As busloads of students unloaded in front of the Indiana Repertory Theatre, a deposed dictator on the other side of the world was shot in the head while allegedly begging, “Don’t shoot.”
I don’t think a whole lot else need be said about the relevance today of William Shakespeare’s “Julius Caesar.”
Whether dressed in robes or in business suits, the Roman emperor and his assassins are contemporary characters: high-minded in their rhetoric, brutal in their methods, and unable to anticipate the fallout from their actions. Sound familiar?
Although presented as part of its mainstage season, the IRT’s production (which ran through Nov. 5) played primarily to such student groups who, I think, got their field-trip’s worth. Any opportunity to see political struggles in colors other than black and white is most welcome these days, particularly when the language is so glorious and truthful—and spoken with such clarity and passion by the largely local professional cast.
What gets lost here is scope. It’s difficult to see or care about what’s really at risk besides the moral compasses of the key characters. With a downsized cast, the battle seems less over the future of an empire and more like an Occupy Terre Haute dispute. In modern garb, the soothsayer and the return of Caesar’s ghost don’t quite mesh, either. The Portia subplot doesn’t ring true or essential and Octavius barely registers.
At the loss of scale, though, we get intimacy, at least among the men. There’s a solid sense of engagement as they debate and attempt to sway one another into a position of specific action. The impact of their orbits on one another’s—and the
confusing void left in the aftermath of their collective murder—is what made this the strongest so far of the IRT’s Shakespeare for a New Generation offerings.
“Forbidden Broadway” was a long-running New York spoof that offered a new revue every year lampooning what was playing right down the block on Broadway. The kick in Manhattan was that this little show was openly kicking the ankles of the big guys. And it often did it with shocking precision.
Timeliness, not timelessness, was also key to its success. Much of “Forbidden Broadway” was built on the specifics of the season—“Beauty and the Beast” scaling back, “Fiddler on the Roof” being offered with a decidedly gentile cast, et al. To top it off, “Forbidden Broadway” wasn’t afraid to be hostile, assuming the default setting that most contemporary musicals are pretty weak—at least, compared to the glory days of Ethel Merman, Mary Martin and their lessers.
Actors Theatre of Indiana, in revising its production of “Forbidden Broadway” (through Nov. 20 at the Center for the Performing Arts’ Studio Theatre) valiantly attempts to overcome both those challenges by ignoring them. It doesn’t seem to care that many of the references are obscure or that its central Indiana mainstream audience is less likely than the show’s creators to think “Phantom of the Opera” and “Wicked” are lame. And ACT has faith that its crowd can differentiate between Chita Rivera and Rita Moreno and that it will get a Kristen Chenowith impression.
If you are going to do this show, that seems to be the right approach. And the spirited quintet (the three ATI principals plus Billy Kimmel from the NYC “Forbidden Broadway” and pianist Nathan Perry) manage to somehow pull it off with limited awkwardness. The impressions are fair and the singing strong, but the best moments come when the material allows the players to be physical, whether trying to balance the weighty Julie Taymor costumes in a “Lion King” parody or hilariously spoofing the relentless turntable that kept the original production of “Les Miserables” spinning.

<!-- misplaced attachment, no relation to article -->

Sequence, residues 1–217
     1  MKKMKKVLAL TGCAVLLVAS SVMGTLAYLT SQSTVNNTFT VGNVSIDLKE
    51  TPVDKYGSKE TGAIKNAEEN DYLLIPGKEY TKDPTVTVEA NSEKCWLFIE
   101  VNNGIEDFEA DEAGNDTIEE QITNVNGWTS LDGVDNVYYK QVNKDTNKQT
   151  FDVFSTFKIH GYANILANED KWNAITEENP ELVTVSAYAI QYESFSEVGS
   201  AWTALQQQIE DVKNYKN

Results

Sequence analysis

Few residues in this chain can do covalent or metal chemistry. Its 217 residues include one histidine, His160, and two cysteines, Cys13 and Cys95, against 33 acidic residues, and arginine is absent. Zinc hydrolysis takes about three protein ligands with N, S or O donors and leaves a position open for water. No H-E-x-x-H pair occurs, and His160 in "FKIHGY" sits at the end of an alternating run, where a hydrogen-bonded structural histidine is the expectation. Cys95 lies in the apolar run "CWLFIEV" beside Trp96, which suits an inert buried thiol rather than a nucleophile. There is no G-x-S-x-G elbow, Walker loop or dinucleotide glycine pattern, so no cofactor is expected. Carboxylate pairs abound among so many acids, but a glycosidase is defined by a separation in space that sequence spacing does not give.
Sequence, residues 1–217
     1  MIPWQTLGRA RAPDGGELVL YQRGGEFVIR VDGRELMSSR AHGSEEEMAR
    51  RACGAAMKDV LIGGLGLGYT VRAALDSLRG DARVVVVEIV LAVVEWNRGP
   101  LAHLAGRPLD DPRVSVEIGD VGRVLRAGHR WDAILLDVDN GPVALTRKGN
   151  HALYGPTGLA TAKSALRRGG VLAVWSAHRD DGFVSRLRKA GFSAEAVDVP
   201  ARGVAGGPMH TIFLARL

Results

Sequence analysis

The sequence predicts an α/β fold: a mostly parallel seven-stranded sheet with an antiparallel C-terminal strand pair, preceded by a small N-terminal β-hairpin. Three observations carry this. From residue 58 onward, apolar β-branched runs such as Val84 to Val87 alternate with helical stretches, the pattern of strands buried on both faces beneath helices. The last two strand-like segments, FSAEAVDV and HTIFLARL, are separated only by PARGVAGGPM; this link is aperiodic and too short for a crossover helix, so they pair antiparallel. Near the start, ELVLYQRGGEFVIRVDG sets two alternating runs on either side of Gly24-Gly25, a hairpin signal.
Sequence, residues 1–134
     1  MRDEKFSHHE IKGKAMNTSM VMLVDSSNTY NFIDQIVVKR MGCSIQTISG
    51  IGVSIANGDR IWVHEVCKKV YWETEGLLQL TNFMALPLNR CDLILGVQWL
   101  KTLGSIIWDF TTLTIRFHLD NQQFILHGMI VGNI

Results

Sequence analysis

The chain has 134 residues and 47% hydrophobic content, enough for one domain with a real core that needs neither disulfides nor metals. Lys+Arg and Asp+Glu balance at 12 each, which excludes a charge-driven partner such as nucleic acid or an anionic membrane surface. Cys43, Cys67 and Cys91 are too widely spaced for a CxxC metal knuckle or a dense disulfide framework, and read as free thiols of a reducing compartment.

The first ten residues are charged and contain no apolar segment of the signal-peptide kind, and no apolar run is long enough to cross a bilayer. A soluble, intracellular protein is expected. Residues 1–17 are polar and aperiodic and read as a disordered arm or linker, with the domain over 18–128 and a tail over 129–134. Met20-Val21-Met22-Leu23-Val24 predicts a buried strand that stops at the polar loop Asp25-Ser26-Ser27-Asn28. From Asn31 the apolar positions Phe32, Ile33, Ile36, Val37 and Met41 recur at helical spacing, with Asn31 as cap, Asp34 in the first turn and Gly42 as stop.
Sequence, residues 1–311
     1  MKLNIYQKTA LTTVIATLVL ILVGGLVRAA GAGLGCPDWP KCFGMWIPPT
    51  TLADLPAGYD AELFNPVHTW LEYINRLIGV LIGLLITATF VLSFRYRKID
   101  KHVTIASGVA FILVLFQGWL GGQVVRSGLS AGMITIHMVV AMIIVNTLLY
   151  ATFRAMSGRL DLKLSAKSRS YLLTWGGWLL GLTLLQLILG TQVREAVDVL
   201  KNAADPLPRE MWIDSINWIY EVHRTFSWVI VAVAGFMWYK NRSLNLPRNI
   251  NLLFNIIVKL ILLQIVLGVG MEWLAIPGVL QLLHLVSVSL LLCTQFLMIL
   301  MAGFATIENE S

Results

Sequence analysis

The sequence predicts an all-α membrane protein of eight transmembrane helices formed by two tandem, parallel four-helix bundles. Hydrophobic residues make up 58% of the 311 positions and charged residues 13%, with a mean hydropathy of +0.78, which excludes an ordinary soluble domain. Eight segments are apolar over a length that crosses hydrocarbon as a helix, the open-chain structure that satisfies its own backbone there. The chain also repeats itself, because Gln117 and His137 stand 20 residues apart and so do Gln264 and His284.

Among the many smart choices Acting Up Productions director/designer R. Brian Noffke made in adapting the zombie groundbreaker “Night of the Living Dead” to the stage, the smartest was to have his actors take their characters’ plight seriously.
That’s not to say the evening spent with the living dead at the Indy Fringe Building wasn’t fun. It was loads of fun.
But it was fun in large part because a group of committed actors didn’t break for romance, they didn’t break for song, they didn’t break to wink at the audience, and they never for a minute seemed to forget there were a growing number of unexplained, shuffling creatures outside who wanted nothing more than to eat them.
Sam Fein, Mick Seldon and Lisa Ermel—whose faces, if not all their names, may be familiar from local stages—each gave the kind of performances that, in movies, bring to life the underdeveloped characters typically found in horror-movie screenplays. (No, this is not a brilliant play. But does anyone want a brilliant zombie play?)
Second among the smart choices made by Noffke was to show fairly early on how bloody crazy gory violent the show can be—then to hold back so that otherwise uneventful dialogue-heavy scenes become packed with suspense. It’s those “don’t open the door” moments that helped balance gore with goose bumps.
Noffke also wisely used the IndyFringe Building space, resetting the story in an abandoned church. The environmental staging, accented by effective lighting and just enough cheesy music, let audiences know from the beginning that they were in good hands. Even if those hands may, without warning, be ripped from their arms.
“Night of the Living Dead” ended its limited run Oct. 22. But I’m guessing it will be back. Zombies are like that.•
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